A Pox On Virgin
28 October, 2011

Well, what a fabulous couple of days.

My modem blew up on Wednesday afternoon. Apparently an incoming call… my “landline” is sort of VOIP… was all too much and the phone rang a couple of times and then the modem went an ominous shade of black.

Virgin – my ISP – couldn’t have been less help if they’d come around and sabotaged the thing themselves. Apparently they’re trying to get out of the wireless broadband business by a process of attrition. The help desk bloke had two solutions:

(1) Plug it into a different power point – thanks mate, I tried that before I called

(2) Get a new ISP.


I was pretty sure it was the power pack, not the modem… I happen to have three Virgin modems, let’s not go into why right now… and none of them would power up. Still, I thought, if Virgin can’t be bothered helping me, I might as well change service providers. Perhaps I might find one who, oh, I dunno, might actually provide me with some service?

I have to leave town to buy socks, so signing on with someone else meant a trip down the motorway. Thursday morning and the Optus bloke couldn’t get anywhere with his computer. It seems that Terriblestra rules the phone lines in my part of town, and the only way I could get service from Optus was wirelessly. All well and good, but his computer was telling him to give me a modem and he had no modem to give me.

Short trip to Major Computer Retailer where the more dynamic bloke at their computer desk was quite confident Optus would post me out a modem… but he couldn’t find the plan listed. In their brochure or on line. It took so long I had to leave to get to a lunch date back home.

Returned to Optus Bloke #2 this morning where it turns out the only way to get a phone and broadband bundle from Optus is via some complicated scheme whereby my mobile becomes my landline and my computer connects to a new mobile phone and gets data that way.

Me to Optus Bloke:  “No, thanks. It’s entirely too Machiavellian. What you’re suggesting seems to me like plugging in a double-adaptor, attaching it to an extension cord and then wiring in a power board, just to plug in a kettle.”

Optus Bloke:  “I don’t really understand what you’re saying. But I can tell you, if you go with Terriblstra, they’ll want your first-born child as a down payment.”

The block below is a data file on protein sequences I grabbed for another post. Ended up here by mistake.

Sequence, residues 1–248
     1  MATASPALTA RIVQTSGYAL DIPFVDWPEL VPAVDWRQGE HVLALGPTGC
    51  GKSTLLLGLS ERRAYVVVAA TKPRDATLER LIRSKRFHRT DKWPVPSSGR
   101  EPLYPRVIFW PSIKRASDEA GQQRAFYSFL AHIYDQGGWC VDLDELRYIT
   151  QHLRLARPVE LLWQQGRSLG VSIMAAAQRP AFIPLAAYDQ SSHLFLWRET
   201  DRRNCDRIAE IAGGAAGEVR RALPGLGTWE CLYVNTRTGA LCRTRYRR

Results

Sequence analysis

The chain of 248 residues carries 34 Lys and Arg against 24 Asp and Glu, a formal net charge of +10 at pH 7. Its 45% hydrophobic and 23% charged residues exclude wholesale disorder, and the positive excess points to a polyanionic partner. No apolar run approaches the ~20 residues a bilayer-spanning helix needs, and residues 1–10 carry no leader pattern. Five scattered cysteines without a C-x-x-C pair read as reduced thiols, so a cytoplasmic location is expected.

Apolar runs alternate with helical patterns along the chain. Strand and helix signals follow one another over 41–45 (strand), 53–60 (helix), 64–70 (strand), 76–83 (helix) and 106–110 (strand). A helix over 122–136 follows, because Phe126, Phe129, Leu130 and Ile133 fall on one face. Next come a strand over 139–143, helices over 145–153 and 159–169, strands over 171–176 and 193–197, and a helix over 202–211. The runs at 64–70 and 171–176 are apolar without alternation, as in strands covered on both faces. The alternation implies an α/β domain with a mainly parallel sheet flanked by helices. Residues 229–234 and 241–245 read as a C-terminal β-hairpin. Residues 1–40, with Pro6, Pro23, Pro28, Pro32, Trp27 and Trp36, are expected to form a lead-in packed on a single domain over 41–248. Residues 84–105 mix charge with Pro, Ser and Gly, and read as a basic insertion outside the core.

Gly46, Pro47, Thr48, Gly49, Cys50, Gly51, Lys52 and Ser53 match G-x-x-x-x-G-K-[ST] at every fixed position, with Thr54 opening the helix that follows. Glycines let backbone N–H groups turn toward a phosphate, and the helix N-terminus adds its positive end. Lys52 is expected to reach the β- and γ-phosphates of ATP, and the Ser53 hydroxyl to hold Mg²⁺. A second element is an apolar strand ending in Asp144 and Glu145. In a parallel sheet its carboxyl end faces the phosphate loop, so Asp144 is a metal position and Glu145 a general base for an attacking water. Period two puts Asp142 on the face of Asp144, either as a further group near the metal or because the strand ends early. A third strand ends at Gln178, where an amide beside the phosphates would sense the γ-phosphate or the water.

However, I can’t knock Optus Bloke #2. He tried his best, and when asked if he could refer me to a shop where I might buy a new power pack for the existing Virgin modem, he was right on the money. $12.95 later I am back in business… until the modem itself fails, I suppose.

Telstra handbook Chapter 2: Consolidate the Inconvenience
24 May, 2011

A 'pre-inconvenienced' member of the public (PIMP) is like copper wire: malleable and well worth recycling

Turns out they have the Internet in the Seychelles.

Through a complicated comms system,  involving encoded SCUBA and many, many bribes I have cleared the following excerpt with my legal team. Oh, and Justin? You can run, but you can’t hide.

So here’s another excerpt from the telstra handbook:

When dealing with a PIMP, incremental increases in inconvenience may be applied. In no time, they’ll be making you a cup of tea – unless, of course, your workmates cut their electricity supply &/or damage the water main.

Case Study:

The illustrations for this section of the workbook come from the logbooks of a master inconveniencer, now sadly lost to the front lines owing to a secondment to the Department of Transport and Main Roads.

“Simmo” was so skilful in the application of incremental inconvenience in this case, that he ended up sleeping in the master bedroom of the residence pictured during the work week, with full board and beer on a slab/shift pro rata supplied.


A Ditch Witch should be:

  1. unloaded just prior to the commencment of earthworks
  2. on site whenever – it’s tough and hard to hotwire
  3. parked on a solid footing – driveway mouths are optimal
  4. tested by ducking or Trial By Fire.

Where to park a ditch witch: a handbook for Telstra employees
19 May, 2011

Ensure maximal incovenience to members of the public (MOPs) at all times.

Just call me Madam Assange.

A top-secret in-service training document, issued only to Telstra employees, was leaked to me yesterday in the cereal aisle at Woolies.

There are entire chapters devoted to causing noise pollution and service disruption, and a customer service chapter called “The customer is always right? No, mate – we’re with Telstra”.

More to come, once our lawyer gets back from the Seychelles.